Getting into the music industry

Ashley Meeks is a 23 year old recent grad of University of North Alabama. During her time there her concentration was Entertainment Industry: Music Business. She was also a member of the Music Entertainment Industry Student Association (MEISA). During her last semester, she interned with International Entertainment Buyers Association (IEBA) in Summer 2013. She has a strong passion for the music industry and hopes to one day be a part of a well known company within the industry possibly utilizing her skills in social media or artist management. In 2015 she will begin working on her Master’s of Business Administration, concentrating on Marketing at Middle Tennessee State University.

Those are the very words my parents asked me when I told them that I wanted to go to school for
music business. This scared them as they had never heard of anyone going to school for such a thing! It
was my passion and I could not seeing myself doing anything else. I took the risk and declared my major
as Music Business. If music and business is your passion, why not get the best of both worlds? I will
share what studying the music business entails. Here’s all 4 years wrapped in just this short article.
Freshman and sophomore year consisted of nothing but the basics of course, just like any other major.
For me, this included pre-calculus, some science classes (biology, geology, etc.), English, and other
classes of the sort. Now don’t think that just because these are classes that have nothing to with the
major, that they can just be disregarded. They all have their purpose and believe it or not, they can
actually help you in the music industry. For instance, any math class you’d happen to take as an
underclassmen, can actually help you with things such as calculating royalties which is a huge deal in the
music industry. If you’re not naturally just good at math then paying attention or even getting help with
your math classes will be your best bet so that once you have to calculate royalties and advances that
you’ll find in contracts. Science classes, especially social sciences such as psychology, are great to learn
because they teach you about people and environments and how they interact overall as well as
thought processes and personalities. This will come in play when you have to decide who the target
market for an artist will be and how other markets will react to this artist, therefore determining how
successful an artist will be. English, specifically English classes that show you how to become a better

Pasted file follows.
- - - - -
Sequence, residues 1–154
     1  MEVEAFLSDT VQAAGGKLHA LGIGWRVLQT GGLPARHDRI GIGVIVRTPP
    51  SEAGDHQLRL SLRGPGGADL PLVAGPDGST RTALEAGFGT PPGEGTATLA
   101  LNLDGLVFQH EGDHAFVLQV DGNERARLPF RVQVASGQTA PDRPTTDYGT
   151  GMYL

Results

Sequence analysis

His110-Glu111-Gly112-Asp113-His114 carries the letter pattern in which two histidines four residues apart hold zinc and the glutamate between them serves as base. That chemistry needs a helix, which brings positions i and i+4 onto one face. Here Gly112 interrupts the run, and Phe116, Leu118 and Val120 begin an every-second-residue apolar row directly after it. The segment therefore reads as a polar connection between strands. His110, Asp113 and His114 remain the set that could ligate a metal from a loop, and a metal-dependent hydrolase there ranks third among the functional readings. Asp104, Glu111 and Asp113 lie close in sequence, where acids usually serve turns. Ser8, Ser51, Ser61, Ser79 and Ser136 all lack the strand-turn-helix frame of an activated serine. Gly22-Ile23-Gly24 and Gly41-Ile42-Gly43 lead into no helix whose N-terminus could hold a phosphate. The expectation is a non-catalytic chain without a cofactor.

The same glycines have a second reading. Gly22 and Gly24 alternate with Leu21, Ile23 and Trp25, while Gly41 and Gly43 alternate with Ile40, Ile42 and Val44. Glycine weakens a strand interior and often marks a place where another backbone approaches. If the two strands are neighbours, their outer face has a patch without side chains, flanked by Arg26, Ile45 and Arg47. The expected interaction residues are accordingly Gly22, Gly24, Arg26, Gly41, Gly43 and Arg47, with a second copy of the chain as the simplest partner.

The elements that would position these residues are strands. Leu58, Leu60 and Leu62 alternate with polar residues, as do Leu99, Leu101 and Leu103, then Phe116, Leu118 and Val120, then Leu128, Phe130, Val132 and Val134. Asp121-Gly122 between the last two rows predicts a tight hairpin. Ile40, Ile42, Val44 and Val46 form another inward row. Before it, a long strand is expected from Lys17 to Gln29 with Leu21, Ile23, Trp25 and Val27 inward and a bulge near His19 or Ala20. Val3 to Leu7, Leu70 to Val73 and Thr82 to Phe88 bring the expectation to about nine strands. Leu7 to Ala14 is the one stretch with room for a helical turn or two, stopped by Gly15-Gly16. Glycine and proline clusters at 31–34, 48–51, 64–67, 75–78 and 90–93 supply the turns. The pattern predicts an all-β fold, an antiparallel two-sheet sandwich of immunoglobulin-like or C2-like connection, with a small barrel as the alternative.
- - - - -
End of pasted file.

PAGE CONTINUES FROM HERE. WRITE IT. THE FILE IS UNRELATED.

writer and speaker is a major part of negotiating, persuading an audience, and even inquiring to record
labels about a plethora of things. If you master all these things as mentioned before, you will excel not
only in your core classes, but also the music industry itself.
Now to the fun stuff; core classes! I was so excited once I’d finally gotten to my core classes! They
were exactly what I had been waiting to get into since day one. Now keep in mind that not all music
industry programs consist of the same core classes. For me these classes included a class geared toward
a general learning of the music industry and was an introductory class. This is one of the classes that you
must absolutely pay attention in as it contains the core terms and foundations of all the rest of your core
classes. In this class we were introduced to many things such as different types of record labels,
different types of record deals, how royalties are calculated, and also all of the different positions that
are in the music industry and how they just make the music industry flow. Another class that was
important was a class in which I got to experience the technological side of the music industry in which I
was introduced to programs such as Logic, ProTools, and Garage Band. This was actually one of my more
challenging classes due to the fact that even though I loved technology, I just did not have the
creativeness or patience to actually create music. However, it made me respect so much more what
producers, writers, and artists go through to make things come together.
The next few classes go hand in hand and I enjoyed taking them together within the same semester.
These classes include Music Publishing, Record Company Operations, Entertainment Law, and Artist
Management and Touring. As you can see these are all the meat of the music industry. You learned in depth about the publishing business, how there are many rules to follow when it comes to copyright,
and also the many processes that there are in touring and with actually releasing an album. These
classes were some of the best classes I took. I felt like I had a strong knowledge for the music industry
and that by graduation I would be ready to hit the ground running with it.
If you are considering studying the music industry, I would definitely take a look at the schools
website and take a look at the program curriculum as well as the course catalog which usually includes
course descriptions. Also, start looking at different careers in the music industry and start thinking about
what you could envision yourself doing. If salary or income is a concern research that as well. Most
importantly, figure out if music business is your passion and if you could see yourself doing it for the rest
of your adult life. Hope someone finds this helpful as I did not have many resources about studying the
music industry.

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